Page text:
Notes on the general state of the neighborhood, the family, and the masses in the time of the virus.
“So have I seen Passion and Vanity stamping the living magnanimous earth, but the earth did not alter her tides and seasons for that.”
– Melville, Moby Dick
Starting this weekend, Seattle will close portions of two neighborhood greenways to through traffic so people can bike and walk in the road, we’re calling them Stay Healthy Streets.
(I’m not sure about that second comma, guys) They must have heard me say that I wasn’t worried about totalitarianism. “We’ll show him.” There isn’t a grocery store anywhere near the route they’re closing down, ostensibly “To support safe social distancing while exercising or walking, rolling, biking to grocery stores or food pick-up…”
Yeah, it’s kind of an unused route that doesn’t see much traffic from anyone except the local residents, but a land grab’s a friggin’ land grab, and a power trip’s a friggin’ power trip. Besides, this virus has made the single occupancy vehicle the safest mode of transportation available, and now they want to keep us from using it.
After an initial evaluation, we are aiming to convert approximately 15 miles to Stay Healthy Streets in the coming weeks.
In the coming weeks! They’re simply not even considering an end to this. And while I’m no doomsayer, no conspiracy theorist, this is precisely the kind of “temporary” measure that finds a way to stick around after it’s supposed to go away.
Another day in the single digits. So the Mayor’s gonna be looking hard and fast for more things to shut down and strangle before the party is over. In fact, there’s no reason to believe that they won’t use success as a reason to clamp down even more. “We’re doing so well already, more restrictions will obviously be even better!” These people have never felt more important, more needed, and they’re going to clamber for purchase on this greased pole for as long as they can.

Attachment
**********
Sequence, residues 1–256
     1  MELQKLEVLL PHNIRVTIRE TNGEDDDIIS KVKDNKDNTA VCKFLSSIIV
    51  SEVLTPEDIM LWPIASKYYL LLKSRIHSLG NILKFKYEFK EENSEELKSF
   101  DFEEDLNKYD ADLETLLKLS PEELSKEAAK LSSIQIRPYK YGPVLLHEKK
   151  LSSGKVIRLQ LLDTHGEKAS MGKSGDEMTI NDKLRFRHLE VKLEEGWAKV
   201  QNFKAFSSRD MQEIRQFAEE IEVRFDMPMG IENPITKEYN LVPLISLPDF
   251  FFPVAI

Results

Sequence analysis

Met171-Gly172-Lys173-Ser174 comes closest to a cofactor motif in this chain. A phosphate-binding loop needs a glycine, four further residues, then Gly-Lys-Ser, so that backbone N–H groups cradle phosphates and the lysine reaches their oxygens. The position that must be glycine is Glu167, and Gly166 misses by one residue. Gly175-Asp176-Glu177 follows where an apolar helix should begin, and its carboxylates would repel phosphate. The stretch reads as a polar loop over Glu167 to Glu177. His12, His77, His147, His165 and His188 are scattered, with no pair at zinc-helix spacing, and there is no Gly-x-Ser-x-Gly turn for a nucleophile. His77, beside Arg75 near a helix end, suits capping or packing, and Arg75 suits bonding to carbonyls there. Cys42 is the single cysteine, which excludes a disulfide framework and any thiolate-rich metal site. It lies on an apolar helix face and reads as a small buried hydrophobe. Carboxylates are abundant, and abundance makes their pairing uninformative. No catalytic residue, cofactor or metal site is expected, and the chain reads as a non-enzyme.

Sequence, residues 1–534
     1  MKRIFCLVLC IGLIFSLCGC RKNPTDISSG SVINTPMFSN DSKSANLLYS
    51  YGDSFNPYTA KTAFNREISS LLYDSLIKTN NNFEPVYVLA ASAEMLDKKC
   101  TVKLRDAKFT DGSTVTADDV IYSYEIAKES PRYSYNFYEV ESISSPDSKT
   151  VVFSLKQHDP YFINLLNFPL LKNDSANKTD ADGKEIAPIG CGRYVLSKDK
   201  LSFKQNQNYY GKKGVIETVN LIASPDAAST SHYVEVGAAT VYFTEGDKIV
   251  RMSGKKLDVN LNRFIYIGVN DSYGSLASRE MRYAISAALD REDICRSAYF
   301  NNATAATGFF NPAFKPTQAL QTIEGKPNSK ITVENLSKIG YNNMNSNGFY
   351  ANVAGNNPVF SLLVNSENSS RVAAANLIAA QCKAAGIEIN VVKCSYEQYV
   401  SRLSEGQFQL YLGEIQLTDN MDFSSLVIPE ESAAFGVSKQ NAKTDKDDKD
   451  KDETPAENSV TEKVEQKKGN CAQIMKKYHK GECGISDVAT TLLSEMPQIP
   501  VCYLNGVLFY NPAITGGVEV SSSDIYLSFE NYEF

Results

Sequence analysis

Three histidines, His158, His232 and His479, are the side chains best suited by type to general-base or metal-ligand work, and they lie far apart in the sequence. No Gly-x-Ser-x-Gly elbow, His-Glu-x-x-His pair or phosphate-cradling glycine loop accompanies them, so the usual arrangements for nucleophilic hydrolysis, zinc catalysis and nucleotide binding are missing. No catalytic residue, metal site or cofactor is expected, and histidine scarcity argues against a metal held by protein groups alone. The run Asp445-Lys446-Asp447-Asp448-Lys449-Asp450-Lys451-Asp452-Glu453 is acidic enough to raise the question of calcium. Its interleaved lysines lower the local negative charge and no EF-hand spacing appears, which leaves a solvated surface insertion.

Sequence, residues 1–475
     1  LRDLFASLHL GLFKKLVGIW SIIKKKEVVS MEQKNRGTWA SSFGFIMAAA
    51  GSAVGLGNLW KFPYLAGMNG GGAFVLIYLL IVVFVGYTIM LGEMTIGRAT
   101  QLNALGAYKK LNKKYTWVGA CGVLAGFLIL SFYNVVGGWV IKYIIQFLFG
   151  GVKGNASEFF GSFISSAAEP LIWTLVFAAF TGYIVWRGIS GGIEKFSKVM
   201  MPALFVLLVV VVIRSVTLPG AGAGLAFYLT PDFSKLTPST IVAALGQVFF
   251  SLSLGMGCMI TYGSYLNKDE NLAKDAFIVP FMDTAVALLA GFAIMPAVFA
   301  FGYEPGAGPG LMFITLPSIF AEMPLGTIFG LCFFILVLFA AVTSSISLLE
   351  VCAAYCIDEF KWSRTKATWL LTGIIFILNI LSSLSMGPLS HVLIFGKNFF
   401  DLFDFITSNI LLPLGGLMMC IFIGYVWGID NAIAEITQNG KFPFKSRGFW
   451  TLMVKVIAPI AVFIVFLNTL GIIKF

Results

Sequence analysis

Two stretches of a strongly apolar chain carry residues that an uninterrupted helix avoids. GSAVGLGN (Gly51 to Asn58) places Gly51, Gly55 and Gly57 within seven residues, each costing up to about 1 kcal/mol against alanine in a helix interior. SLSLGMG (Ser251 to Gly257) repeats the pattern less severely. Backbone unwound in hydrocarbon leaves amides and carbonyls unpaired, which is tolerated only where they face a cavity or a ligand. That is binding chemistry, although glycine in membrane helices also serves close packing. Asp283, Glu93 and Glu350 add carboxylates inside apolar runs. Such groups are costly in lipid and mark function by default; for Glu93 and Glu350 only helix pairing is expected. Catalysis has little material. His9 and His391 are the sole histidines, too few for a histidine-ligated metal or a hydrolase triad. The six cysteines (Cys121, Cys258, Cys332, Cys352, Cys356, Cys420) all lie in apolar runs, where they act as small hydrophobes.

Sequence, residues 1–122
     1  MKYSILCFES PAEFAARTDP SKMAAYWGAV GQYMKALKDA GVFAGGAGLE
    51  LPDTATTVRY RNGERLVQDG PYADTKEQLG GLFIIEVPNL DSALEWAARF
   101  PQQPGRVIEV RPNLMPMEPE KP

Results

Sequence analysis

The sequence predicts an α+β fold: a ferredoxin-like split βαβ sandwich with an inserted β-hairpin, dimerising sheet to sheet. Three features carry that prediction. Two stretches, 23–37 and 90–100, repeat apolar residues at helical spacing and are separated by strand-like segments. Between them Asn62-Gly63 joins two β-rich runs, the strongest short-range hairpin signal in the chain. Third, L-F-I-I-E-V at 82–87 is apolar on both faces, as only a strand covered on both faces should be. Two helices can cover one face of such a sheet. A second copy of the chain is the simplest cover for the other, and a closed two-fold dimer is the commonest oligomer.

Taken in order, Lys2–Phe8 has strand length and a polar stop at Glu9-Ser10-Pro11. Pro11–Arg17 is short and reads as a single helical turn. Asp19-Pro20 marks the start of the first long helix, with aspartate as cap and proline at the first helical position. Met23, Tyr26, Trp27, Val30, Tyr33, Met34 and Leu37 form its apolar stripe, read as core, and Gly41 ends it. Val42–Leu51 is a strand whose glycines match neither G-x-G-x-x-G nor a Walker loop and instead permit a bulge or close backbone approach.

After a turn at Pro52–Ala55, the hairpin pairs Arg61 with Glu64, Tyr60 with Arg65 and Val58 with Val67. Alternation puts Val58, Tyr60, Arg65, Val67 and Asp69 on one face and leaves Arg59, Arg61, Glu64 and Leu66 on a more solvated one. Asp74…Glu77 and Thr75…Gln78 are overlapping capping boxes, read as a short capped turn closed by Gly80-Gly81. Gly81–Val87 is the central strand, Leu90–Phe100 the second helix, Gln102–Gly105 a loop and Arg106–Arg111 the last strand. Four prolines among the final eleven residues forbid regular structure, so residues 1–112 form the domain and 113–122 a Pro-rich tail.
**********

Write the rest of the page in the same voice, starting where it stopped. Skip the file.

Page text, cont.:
THE MAGNANIMOUS EARTH:
The girl and I made cinnamon rolls today that were dry, but nice, and packed so full of sugar and butter that they couldn’t help but be delicious. I hid one away for tomorrow’s breakfast. Later she and I pulled a small table to the end of the driveway and played cards. The sun was on us, we played war. It was a solid half hour at least of forgetfulness and joy, utterly unaffected affection. I had no fatherly lessons for her, nothing for her to clean or to think about. Just light competition over the simplest of games. She’s brilliant and electric.
She’s at the neighbor’s house right now, in the backyard. I know because we just received a text from the mom over there, containing a short clip of the kids playing “the ground is lava;” balancing on swings, a slide, and in one case, a soccer ball. We’ve just coordinated her return – 9:15, which puts a bit of a twitch in my rather old-fashioned parent instinct, but this is Sprung Broke, after all, and there’s no governor here to tell them that the lava isn’t real and the slide is off-limits.
There’s been a couple of birds flirting with me out here on the porch. It’s 8:20 PM. Juncos or bushtits – tiny little things. Perching between the rails in front of me, hopping about. They just flew past my legs and I could feel them.
Your “Homeless in Coronafornia” update for today:
People go to great lengths just to spend a weekend like that. He gets to do it all the time.
— Drive through the barricades, Comrade Citizen! —